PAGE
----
By Paul Phipps
As an agency specialising in accountancy practice recruitment, we have been experiencing a severe shortage of suitable candidates for our roles and with unemployment running at 4.4%, it is not just our sector that is struggling with the light flow of candidates.
On Radio 4’s ‘Money Box Live’ programme yesterday (28th February) the focus was upon the skills shortage across many sectors alongside falling wages, in real terms. What the contributors were saying, certainly rang true in our office, so much so, that my Co-Director, Debbie Curtis, picked up the phone and called in to give our perspective of the situation. She even got invited to participate on air towards the end of the programme, much to her horror. She handled it with great aplomb!
The broadcast can be heard here > http://www.bbc.co.uk/programmes/b09smh2d
The discussion on the programme was around the fact that even with the current high levels of employment and with vacancies at a record high, wages are falling by 0.3%, with average earnings lower than they were ten years ago, when adjustments for inflation are taken into consideration.
This is unusual because a high demand for labour and skills, usually pushes up earnings but that doesn’t seem to be happening currently. So why are we experiencing this nationwide anomaly across all sectors?
One reason might be that people are willing to work for less money, or feel forced to do so, and if employers think that they can get staff on lower salaries, they will. It makes economic sense for a business not to pay more than necessary.
Moving away from the general picture and back to accountancy practice recruitment, as Debbie said on the radio, the lack of investment in training within accountancy, during and after the last recession, has had a massive knock on effect on the amount of high-calibre part-qualified and qualified accountants available.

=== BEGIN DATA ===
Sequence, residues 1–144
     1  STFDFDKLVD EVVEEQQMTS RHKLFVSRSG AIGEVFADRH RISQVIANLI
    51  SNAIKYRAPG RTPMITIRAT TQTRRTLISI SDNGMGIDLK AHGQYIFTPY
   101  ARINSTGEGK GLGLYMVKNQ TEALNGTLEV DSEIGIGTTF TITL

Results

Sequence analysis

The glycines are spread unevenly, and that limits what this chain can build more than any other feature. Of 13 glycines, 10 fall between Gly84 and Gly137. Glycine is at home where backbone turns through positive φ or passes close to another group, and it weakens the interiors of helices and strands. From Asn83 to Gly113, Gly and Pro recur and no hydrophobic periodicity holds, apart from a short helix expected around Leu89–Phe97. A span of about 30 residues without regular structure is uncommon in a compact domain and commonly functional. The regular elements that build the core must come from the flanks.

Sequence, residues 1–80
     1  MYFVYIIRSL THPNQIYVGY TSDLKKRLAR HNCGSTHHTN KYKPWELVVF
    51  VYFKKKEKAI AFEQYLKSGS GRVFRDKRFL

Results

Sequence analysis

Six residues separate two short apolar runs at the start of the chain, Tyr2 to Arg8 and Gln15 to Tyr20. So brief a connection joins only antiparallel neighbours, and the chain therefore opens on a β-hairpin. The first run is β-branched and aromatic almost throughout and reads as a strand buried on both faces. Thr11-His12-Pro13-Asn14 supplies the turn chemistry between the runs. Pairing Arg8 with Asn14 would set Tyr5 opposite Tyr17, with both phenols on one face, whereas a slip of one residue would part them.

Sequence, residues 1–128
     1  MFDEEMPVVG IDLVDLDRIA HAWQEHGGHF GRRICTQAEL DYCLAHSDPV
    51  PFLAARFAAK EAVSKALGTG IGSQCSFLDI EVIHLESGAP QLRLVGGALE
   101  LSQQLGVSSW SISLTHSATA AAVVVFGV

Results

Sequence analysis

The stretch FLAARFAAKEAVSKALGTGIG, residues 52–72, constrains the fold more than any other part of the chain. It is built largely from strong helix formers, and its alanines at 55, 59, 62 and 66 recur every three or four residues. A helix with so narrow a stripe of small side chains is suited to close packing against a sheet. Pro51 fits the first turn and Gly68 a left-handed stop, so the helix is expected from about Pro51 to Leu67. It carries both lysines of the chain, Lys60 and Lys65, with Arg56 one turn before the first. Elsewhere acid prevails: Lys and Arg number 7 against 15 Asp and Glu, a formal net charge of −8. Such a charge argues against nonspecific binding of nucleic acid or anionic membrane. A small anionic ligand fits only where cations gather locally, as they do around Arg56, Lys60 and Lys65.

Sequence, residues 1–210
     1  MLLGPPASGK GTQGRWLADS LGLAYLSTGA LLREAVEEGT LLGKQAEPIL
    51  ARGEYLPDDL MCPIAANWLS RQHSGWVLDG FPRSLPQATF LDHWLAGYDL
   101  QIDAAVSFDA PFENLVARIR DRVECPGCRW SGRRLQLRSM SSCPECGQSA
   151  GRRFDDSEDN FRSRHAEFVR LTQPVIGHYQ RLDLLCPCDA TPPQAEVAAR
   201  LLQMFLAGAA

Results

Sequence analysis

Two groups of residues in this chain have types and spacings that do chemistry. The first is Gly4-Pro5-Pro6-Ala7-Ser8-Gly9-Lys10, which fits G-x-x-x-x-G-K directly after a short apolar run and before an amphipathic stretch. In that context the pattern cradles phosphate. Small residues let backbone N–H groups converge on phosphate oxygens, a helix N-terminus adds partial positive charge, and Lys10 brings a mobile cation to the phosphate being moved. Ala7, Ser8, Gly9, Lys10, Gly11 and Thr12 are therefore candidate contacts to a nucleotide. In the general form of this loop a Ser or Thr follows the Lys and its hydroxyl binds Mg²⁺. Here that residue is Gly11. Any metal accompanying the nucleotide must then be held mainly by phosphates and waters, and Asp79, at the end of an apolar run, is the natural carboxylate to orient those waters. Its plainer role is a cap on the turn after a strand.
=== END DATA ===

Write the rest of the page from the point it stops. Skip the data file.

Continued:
We are finding that generally, people don’t want to move to a new role that doesn’t give an adequate pay increase and it is our experience that when a candidate is offered a small increase, some are choosing to stay put.
The accountancy profession can be seen as a barometer of a county’s economic state. If businesses are doing well and new businesses are setting up, accountancy firms will see more business coming their way, increasing the demand for experienced accountants.
So, what’s happening here – why is there a skills shortage within thriving industries – and why are wages not reflecting this?
Historically, there has not been enough investment in training at foundation level and although this has improved, there is still a long way to go. In our sector, salaries are fairly reflective of the shortfall in candidates coming through, although, there is room for improvement. To attract talent, the package needs to be attractive.
We have no shortage of open vacancies and despite the salaries within practice being reasonable, we are still struggling to attract enough experienced accountancy candidates, and with accountancy practices being of an exacting nature, knowing exactly what they want, many of the applications we receive, fall short of the desired criteria.
What do you think? Feel free to leave your comments.